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Book About Income Taxes
Old 01-08-2008, 11:14 AM   #1
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Book About Income Taxes

Since I'll be doing my own income tax returns from now on, I'd like to become somewhat of an expert.

I realize this is probably a stupid question, but is there a book that talks about how to do your taxes, but not in a line-by-line way? For example, I want a book that will talk about how to handle situations in which the tax code is ambiguous. Something that will convey the general understanding and background knowledge that someone who has done returns for years would have. Perhaps something that explains the historical basis for deductions, etc.

Thanks,
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Old 01-08-2008, 11:58 AM   #2
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Quote:
Originally Posted by TromboneAl View Post
Since I'll be doing my own income tax returns from now on, I'd like to become somewhat of an expert.

I realize this is probably a stupid question, but is there a book that talks about how to do your taxes, but not in a line-by-line way? For example, I want a book that will talk about how to handle situations in which the tax code is ambiguous. Something that will convey the general understanding and background knowledge that someone who has done returns for years would have. Perhaps something that explains the historical basis for deductions, etc.

Thanks,
About 10-12 years ago I attended a seminar concerning preparing the dreaded schedule C. The speaker was an enrolled agent (along with numerous other titles) of mega years experience. He recommended "What the IRS Doesn't want you to Know"--Martin Kaplan. It has been a useful tool and you can browse it on Amazon. As I'm not sure what you are up to but you may benefit from the book.
BTW, the private Q&A I had with this guy probably amounted to the best/most valuable 10 minutes of my business life I'd share, but I'm not sure the info provided is applicable today.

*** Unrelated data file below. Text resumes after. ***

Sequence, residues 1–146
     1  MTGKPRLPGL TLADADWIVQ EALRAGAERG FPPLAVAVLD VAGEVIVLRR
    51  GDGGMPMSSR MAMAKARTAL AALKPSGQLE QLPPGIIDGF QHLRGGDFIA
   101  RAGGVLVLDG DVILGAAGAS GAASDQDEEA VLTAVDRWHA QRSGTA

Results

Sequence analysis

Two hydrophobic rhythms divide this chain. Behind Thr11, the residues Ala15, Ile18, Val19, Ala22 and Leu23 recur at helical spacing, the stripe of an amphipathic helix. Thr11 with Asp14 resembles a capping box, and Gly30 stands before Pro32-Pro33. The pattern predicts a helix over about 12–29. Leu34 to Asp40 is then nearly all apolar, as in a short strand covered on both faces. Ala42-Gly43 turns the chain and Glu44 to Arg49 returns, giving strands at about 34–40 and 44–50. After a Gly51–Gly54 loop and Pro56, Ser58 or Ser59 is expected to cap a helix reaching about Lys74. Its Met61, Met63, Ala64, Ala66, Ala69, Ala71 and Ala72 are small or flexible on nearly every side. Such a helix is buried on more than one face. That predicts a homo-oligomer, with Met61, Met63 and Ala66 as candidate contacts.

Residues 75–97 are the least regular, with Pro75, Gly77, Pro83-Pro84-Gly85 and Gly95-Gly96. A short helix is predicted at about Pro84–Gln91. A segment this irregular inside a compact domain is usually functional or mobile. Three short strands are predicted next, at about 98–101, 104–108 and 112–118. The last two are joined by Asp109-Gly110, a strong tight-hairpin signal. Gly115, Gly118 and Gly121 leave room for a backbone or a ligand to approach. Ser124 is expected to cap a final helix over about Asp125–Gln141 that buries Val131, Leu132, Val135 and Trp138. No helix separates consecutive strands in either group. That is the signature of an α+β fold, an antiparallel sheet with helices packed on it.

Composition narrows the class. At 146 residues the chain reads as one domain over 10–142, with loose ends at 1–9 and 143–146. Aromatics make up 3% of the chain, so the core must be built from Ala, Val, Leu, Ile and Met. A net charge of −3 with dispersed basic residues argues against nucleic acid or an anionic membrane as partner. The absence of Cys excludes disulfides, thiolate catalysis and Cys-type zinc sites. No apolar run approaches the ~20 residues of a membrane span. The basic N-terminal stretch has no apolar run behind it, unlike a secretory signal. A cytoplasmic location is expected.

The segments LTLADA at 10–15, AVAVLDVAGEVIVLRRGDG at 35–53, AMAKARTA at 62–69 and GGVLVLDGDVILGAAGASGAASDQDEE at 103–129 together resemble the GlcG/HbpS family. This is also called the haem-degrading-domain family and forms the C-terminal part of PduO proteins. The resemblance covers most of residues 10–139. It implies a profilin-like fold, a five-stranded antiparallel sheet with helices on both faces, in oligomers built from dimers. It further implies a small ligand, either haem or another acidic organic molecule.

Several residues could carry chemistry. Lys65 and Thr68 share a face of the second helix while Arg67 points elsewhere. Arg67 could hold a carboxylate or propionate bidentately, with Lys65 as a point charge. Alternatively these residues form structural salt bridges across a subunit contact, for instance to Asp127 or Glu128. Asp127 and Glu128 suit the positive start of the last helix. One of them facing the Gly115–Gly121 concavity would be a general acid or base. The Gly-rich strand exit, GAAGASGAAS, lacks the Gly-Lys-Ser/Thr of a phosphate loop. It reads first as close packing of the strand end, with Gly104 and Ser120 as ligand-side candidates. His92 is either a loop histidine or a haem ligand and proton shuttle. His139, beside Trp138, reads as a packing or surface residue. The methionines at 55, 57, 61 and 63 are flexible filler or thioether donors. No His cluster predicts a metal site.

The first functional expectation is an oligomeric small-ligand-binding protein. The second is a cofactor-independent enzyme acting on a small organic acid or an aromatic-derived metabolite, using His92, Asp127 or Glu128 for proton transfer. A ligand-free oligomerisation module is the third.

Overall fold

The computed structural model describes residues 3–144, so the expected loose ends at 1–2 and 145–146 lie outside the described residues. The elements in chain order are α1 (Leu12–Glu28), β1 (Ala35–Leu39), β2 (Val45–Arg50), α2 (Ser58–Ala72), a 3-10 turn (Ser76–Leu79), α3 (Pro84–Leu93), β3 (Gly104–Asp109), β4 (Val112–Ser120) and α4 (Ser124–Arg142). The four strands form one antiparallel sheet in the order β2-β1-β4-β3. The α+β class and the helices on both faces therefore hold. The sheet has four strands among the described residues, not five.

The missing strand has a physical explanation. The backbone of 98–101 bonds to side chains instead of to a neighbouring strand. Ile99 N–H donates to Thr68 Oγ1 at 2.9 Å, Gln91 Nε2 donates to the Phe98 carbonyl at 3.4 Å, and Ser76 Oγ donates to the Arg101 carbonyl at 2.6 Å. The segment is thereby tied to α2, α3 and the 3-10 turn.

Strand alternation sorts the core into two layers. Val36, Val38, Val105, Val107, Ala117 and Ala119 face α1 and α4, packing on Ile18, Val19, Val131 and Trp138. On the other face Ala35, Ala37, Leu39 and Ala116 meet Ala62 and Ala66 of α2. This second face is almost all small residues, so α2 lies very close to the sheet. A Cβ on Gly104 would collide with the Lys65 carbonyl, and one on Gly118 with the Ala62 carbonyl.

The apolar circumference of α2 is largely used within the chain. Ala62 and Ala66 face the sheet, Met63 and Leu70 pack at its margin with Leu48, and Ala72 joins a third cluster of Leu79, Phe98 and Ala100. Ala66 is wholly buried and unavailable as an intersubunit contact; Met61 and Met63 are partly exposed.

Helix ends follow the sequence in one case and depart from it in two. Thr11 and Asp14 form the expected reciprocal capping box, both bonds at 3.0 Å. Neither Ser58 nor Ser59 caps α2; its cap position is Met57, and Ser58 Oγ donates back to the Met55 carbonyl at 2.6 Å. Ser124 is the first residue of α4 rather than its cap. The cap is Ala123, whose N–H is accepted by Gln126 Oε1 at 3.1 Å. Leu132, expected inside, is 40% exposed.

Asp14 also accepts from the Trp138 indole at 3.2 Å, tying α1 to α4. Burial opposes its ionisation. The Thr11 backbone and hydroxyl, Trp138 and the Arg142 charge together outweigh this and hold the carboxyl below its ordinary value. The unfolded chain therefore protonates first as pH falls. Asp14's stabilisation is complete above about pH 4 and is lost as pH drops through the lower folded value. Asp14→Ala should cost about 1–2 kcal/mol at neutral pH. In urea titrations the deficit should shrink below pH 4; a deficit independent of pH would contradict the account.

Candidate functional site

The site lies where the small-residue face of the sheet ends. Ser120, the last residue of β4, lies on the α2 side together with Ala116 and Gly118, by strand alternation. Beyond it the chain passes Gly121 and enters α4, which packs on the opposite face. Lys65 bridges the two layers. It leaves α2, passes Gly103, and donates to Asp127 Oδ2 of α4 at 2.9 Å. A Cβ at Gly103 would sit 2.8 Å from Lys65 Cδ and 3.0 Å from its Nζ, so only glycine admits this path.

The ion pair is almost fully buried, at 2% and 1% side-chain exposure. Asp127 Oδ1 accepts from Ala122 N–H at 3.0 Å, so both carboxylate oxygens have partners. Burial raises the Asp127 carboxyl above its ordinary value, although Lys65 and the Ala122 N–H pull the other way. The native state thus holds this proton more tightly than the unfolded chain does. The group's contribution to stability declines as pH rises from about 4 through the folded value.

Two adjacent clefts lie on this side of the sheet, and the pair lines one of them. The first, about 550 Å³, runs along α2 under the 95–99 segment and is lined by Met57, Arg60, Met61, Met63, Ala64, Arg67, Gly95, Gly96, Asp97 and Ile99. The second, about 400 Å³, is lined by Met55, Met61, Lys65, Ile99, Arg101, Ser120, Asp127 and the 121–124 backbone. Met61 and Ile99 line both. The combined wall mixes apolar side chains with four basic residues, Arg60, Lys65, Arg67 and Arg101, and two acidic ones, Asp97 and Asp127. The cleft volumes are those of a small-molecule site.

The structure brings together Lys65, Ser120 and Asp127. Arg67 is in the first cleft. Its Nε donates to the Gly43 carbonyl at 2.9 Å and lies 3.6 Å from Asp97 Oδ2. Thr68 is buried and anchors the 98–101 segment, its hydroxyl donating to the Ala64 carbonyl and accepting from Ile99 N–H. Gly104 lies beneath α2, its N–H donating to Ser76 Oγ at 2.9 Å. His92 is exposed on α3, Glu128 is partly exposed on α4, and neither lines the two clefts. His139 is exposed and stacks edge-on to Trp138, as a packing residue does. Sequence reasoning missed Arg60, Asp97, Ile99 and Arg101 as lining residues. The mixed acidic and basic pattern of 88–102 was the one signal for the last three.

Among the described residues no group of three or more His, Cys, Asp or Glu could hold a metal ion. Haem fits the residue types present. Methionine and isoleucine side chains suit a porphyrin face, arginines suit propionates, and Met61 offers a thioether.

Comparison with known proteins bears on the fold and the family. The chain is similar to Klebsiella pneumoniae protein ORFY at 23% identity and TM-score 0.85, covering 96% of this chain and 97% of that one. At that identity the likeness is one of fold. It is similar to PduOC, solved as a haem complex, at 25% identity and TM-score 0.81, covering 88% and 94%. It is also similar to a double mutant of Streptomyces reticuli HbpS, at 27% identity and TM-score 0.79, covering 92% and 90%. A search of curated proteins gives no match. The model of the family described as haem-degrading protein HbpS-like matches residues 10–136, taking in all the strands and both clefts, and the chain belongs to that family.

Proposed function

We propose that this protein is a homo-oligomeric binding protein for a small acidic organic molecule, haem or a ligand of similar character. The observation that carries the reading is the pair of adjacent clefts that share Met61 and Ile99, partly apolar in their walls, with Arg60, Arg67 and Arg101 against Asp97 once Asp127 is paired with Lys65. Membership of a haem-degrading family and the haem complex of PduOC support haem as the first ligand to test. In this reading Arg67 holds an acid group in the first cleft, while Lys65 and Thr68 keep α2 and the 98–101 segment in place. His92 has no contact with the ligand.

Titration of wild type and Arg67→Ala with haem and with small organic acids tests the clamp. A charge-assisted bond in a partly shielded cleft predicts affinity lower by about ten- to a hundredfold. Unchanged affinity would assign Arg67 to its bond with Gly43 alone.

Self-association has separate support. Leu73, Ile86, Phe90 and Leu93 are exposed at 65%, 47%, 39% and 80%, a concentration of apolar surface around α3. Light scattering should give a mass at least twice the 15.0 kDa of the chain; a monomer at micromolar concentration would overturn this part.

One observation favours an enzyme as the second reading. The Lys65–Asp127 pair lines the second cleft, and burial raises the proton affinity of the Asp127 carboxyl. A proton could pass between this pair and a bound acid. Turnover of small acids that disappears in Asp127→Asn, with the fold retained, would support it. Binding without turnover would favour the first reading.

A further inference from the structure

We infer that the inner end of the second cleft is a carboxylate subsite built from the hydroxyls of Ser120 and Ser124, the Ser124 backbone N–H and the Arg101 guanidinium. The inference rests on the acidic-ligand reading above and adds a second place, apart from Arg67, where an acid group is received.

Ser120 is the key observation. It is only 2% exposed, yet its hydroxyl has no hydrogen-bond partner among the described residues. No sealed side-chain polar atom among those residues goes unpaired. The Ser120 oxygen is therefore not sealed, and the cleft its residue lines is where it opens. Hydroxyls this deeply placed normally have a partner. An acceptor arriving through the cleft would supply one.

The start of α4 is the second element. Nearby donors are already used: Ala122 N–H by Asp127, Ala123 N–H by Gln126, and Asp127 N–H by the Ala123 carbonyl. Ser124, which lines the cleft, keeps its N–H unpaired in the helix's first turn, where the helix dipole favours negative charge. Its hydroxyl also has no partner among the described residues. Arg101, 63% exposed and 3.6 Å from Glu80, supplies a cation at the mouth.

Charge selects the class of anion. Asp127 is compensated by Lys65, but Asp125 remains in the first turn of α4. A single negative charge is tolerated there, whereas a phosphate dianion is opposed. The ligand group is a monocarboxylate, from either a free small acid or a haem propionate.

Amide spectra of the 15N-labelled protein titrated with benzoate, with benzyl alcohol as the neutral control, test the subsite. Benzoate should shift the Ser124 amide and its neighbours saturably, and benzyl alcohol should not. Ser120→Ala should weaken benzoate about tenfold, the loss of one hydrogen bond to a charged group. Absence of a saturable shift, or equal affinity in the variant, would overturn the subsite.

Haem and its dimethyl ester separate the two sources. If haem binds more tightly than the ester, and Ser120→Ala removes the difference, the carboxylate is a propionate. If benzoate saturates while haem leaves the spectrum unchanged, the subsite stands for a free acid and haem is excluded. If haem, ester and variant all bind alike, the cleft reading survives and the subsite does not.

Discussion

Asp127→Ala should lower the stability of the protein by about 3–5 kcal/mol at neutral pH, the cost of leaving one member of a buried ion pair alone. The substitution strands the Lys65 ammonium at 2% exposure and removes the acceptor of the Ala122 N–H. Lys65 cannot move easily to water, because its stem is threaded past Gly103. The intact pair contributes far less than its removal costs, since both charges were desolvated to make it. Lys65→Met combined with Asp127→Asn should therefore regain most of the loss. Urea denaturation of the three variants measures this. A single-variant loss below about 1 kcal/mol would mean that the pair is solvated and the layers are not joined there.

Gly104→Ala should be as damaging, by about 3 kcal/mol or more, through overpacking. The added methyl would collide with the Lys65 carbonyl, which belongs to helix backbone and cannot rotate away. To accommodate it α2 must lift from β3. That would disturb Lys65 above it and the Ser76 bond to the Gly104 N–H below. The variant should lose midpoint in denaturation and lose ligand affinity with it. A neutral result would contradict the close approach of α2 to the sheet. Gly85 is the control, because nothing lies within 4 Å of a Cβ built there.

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Old 01-08-2008, 01:31 PM   #3
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Thanks, that looks like fun. Just ordered it from PaperBackSwap : Your source for swapping books online!.
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Old 01-08-2008, 01:54 PM   #4
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My Dad used to buy J. K. Lasser's 'Your income tax YYYY' every other year or so.
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Old 01-08-2008, 02:03 PM   #5
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My Dad used to buy J. K. Lasser's 'Your income tax YYYY' every other year or so.
Ditto. Before TurboTax got their act together (as much as they ever will) I used J.K. Lasser's every year.

Good explanations & advice on rentals and "C" & "S" corps.
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Old 01-08-2008, 02:36 PM   #6
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My Dad used to buy J. K. Lasser's 'Your income tax YYYY' every other year or so.
Just a friendly warning about those type of books...do not rely on them completely. They are OK as a starting point to help you locate general answers, but don't count on them as a definitive source. Quotes from these books will not hold up in tax court unless you can back them up with the IRC, regs, etc.

I remember finding a mistake in that book about 12 years ago when looking something up. I emailed the publisher for clarification and they told me it was a "technical misprint" that would be corrected in future editions. If I remember correctly, I think the book said there was a cap on "FICA" wages when it should have said "Social Security" wages.
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Old 01-08-2008, 03:31 PM   #7
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Since I'll be doing my own income tax returns from now on, I'd like to become somewhat of an expert.

<snip>

Thanks,

A tax expert? Sick!

-CC
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Old 01-09-2008, 09:03 AM   #8
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Originally Posted by TromboneAl View Post
Since I'll be doing my own income tax returns from now on, I'd like to become somewhat of an expert.

I realize this is probably a stupid question, but is there a book that talks about how to do your taxes, but not in a line-by-line way? For example, I want a book that will talk about how to handle situations in which the tax code is ambiguous. Something that will convey the general understanding and background knowledge that someone who has done returns for years would have. Perhaps something that explains the historical basis for deductions, etc.

Thanks,
Try IRS Pub 17, basic stuff but it does give some examples.
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Old 01-09-2008, 09:13 AM   #9
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Try IRS Pub 17, basic stuff but it does give some examples.
Yep, and you can't beat the price.
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Old 01-09-2008, 09:18 AM   #10
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IRS Pub 17 - 298 electronic pages, 2.37 MB (It's a .pdf)

-CC
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Old 01-09-2008, 09:33 AM   #11
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Here's how Pub 17 or the Lasser books start out:
Who must file. Generally, the amount of in-
come you can receive before you must file a
return has been increased. See Table 1-1, Table